Shelf: phase 1−0·115−0·6630·443
Shelf: phase 2−0·165−0·4870·159
Shelf: phase 30·591−0·0281·237
Pelagic: phase 10·079−0·3370·583
Pelagic: phase 30·020−0·5800·583
Departure lipid (%)0·011−0·0180·039

Northern elephant seals foraging in either the pelagic transition zone or the NE Pacific had similar lipid gain patterns, with pelagic animals putting on lipids at a higher rate (Table 1, Fig. 8). In particular, pelagic animals during the foraging phase put on lipids at the highest rate, β = 1·074 (0·37, 1·78) (Table 1, Fig. 8), followed by NE Pacific animals β = 0·561(−0·32, 1·43) (Table 1, Fig. 8). Animals foraging near the coast put on lipids more slowly (Table 1, Fig. 8). During the transit-away phase, pelagic animals put on lipids at the highest rate, followed by NE Pacific animals and coastal animals (Table 1, Fig. 8), suggesting perhaps that pelagic animals are encountering more prey on their route away from the colony. For SES, the return phase for animals foraging on the shelf is the state of highest lipid gain, followed by the foraging phase for pelagic animals (Table 1). The return phase for both the ice edge and pelagic strategies was costly; animals in this phase tended to lose lipids (Table 1).

Finally, for NES only, the parameter for the shorter-term behavioural state was significant and positive (Table 1), suggesting that the locations where animals are estimated to be in a foraging state (Jonsen, Flemming & Myers 2005) are locations where animals consistently put on more lipids. We included this model parameter in previous versions of the SES model, but the estimates were always near 0.

The relationship between the number of drift dives and lipid gain was positive and similar in magnitude for each species; however, the relationship between transit and lipid gain was stronger for SES (Table 1). This means that increased daily transit rates resulted in a comparably smaller lipid gain in SES (Table 1). None of the relationships between environmental covariates and lipid gain were different from 0 for NES or SES.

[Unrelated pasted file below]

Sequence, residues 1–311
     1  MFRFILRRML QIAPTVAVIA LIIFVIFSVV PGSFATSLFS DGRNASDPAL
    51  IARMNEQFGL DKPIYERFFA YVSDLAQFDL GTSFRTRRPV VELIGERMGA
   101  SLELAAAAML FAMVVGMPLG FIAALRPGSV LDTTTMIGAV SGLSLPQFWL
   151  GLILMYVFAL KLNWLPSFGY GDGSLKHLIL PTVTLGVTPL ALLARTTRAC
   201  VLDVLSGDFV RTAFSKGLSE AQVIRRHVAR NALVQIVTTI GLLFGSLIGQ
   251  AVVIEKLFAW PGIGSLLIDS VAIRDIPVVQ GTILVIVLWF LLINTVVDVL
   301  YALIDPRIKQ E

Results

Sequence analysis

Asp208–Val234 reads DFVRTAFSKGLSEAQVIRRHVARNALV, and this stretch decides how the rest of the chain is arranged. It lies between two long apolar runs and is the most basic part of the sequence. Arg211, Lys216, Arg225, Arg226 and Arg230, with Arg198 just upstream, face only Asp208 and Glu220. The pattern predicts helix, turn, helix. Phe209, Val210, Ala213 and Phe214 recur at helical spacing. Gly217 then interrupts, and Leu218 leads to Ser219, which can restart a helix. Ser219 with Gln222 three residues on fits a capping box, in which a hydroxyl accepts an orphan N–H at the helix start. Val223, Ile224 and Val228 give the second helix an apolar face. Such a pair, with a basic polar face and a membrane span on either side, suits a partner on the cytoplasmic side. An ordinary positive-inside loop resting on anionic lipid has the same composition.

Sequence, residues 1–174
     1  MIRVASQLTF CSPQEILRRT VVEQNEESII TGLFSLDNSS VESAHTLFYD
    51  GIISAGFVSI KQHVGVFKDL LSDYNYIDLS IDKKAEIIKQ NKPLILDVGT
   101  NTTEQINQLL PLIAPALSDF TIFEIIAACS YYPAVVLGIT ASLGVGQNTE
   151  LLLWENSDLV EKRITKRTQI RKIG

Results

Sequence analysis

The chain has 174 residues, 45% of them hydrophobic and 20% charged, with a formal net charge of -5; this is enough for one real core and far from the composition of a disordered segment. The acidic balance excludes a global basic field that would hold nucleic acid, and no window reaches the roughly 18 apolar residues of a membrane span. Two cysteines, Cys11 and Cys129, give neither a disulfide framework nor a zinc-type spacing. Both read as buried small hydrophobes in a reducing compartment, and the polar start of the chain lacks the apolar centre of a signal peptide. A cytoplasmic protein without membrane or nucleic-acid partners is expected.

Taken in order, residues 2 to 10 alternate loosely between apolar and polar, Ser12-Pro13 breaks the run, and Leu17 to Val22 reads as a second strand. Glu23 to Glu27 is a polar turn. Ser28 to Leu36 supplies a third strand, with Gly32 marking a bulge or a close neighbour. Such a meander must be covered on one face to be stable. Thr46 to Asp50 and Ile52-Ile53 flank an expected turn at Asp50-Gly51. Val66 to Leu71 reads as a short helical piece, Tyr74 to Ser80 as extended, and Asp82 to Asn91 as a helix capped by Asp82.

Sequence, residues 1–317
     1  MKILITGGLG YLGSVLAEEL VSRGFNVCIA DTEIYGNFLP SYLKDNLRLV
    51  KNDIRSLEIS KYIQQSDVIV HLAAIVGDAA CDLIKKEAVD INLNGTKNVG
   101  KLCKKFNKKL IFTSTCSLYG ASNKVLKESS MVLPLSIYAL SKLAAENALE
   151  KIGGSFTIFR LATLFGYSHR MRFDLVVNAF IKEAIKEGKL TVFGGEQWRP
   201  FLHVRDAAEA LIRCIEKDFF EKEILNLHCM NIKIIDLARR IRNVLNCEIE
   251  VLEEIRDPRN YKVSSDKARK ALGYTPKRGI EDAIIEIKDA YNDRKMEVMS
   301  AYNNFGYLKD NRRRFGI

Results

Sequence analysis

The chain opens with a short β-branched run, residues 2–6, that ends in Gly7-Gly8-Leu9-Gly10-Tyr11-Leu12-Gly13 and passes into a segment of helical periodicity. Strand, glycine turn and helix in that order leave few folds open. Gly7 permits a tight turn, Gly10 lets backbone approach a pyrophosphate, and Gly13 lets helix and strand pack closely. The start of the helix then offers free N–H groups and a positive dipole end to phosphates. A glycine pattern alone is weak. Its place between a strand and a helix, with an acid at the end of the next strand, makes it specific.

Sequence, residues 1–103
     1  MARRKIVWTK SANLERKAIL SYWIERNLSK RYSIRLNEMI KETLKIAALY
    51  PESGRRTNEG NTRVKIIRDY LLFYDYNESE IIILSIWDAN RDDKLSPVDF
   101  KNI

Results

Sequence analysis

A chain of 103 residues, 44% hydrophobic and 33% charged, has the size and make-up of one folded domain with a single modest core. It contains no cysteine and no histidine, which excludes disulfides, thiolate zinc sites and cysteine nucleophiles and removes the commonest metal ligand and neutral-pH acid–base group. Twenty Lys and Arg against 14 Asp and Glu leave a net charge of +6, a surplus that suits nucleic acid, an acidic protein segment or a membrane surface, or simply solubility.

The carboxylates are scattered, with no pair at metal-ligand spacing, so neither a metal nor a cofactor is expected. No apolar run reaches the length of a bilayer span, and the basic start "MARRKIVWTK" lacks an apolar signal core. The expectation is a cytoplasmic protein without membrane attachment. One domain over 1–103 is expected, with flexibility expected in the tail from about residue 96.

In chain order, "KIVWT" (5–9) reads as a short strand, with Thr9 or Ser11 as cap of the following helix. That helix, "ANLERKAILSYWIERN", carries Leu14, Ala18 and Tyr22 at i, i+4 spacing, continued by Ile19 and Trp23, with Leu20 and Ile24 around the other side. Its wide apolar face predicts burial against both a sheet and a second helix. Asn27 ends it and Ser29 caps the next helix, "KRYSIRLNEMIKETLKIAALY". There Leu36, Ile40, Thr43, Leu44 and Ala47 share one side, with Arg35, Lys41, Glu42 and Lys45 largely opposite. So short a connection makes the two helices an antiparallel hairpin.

For the self-referential covariates, lipid gain in NES and SES depended on physiological status, that is, departure lipid percentage and lipid:lean ratio (Table 1). The relationship between departure lipid percentage and lipid gain for NES was positive, significant and fourfold higher than SES (Table 1). This suggests that animals that were fatter prior to the migration gained more lipids than leaner ones and is consistent with, although certainly does not prove, the hypothesis that leaner animals would initially focus on structural repair of lean tissue (Fedak, Arnbom & Boyd 1996; Crocker et al. 2001).

Random Effects

As modelled here, no strong individual response was noted for the intercept, lipid:lean ratio or transit in either species (Table S2.3, Table S2.4 in Appendix S2, Supporting information). The fact that these random effects were close to 0 means either that individuals are similar in their responses or that much larger data sets would be required to infer individual differences.


We have estimated the daily lipid gain process in individual elephant seals across two different species. We have taken advantage of the unique drift diving behaviour in elephant seals together with a modelling approach that incorporates uncertainty in both the observations and the process to provide insight into how individuals are gaining and losing condition in their environment. By doing so, we have been able to quantitatively determine how foraging location affects body condition. This allows us to see profitable areas in time and space and understand how exactly lipid gain differs among animals employing these different locations.

Factor #1: Influence of Foraging Location on Condition

Each model supported the inclusion of the factor covariates indicating three different foraging locations. For NES, non-coastal animals put on lipids at a higher rate than those who forage near the coasts (Fig. 8, Table 1). This contrasts with previous findings (Simmons et al. 2007), but could simply be an artefact of small sample size. Compared to coastal seals, animals that forage in the pelagic transition zone have to travel farther to reach destinations with presumably higher prey concentration; yet despite this cost, these animals consistently put on lipids at a higher rate (Fig. 8, Table 1).